EVERYDAY (yes, all caps as seems to be the way everyone is writing it) is the latest film from Michael Winterbottom, the director of 24 Party People, Cock and Bull Story and the truly fantastic The Trip TV series.
Suffice to say my expectations were high going into this especially considering the inclusion of John Simm, Shirley Henderson and the intriguing idea of filming over the course of 5 years.
The story follows a family who are struggling to move on with life and cope with the absence of their father, Simm, who is incarcerated for an unspecified crime. I say story but there isn’t really a story at all. It’s more of a snapshot of life in this family and the relationship between the two parents over a certain period of time. You watch as Henderson struggles with 4 children, the boys of which are fast becoming independent and at times troublesome, trying just to get through the days bringing them up while making regular visits to their father in prison and trying to find her own identity without him. It’s certainly not a criticism that the film has no real story. In fact, that’s the film’s biggest strength; somehow the mundane becomes interesting and gripping even though its just, well, life. The lack of a script means the dialogue is very realistic and Winterbottom’s very ‘observing’ style of shooting makes for very accessible viewing, almost like you’re being invited to sit in on the family. The performances are excellent although the children, at least in the early stages, really are getting getting upset or making jokes or reacting to situations.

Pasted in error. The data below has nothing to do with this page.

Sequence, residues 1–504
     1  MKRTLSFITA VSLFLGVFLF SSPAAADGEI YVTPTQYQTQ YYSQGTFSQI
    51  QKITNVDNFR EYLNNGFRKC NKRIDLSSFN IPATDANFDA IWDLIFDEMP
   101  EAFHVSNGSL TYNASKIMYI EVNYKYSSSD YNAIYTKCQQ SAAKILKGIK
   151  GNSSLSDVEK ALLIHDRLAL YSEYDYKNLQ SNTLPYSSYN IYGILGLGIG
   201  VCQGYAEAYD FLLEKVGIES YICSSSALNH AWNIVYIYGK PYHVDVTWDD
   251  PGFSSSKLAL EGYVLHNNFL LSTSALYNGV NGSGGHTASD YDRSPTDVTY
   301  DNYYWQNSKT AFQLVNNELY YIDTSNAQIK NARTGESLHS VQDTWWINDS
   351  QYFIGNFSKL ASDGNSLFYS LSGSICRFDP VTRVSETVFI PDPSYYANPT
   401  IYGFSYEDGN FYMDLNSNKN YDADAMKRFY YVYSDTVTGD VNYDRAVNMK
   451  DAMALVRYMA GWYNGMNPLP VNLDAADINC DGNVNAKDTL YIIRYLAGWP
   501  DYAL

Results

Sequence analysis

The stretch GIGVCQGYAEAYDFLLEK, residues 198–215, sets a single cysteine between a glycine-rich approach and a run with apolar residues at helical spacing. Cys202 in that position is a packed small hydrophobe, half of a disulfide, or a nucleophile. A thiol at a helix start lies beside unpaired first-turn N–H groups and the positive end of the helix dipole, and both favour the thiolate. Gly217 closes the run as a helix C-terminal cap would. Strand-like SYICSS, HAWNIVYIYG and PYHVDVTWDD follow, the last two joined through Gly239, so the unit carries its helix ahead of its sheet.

It’s endlessly watchable stuff and I could certainly watch another 5 years worth of the family’s life.
EVERYDAY is not getting a full theatrical release but will be shown on Channel 4 later this year so there’s no excuse not to see this. It’s free!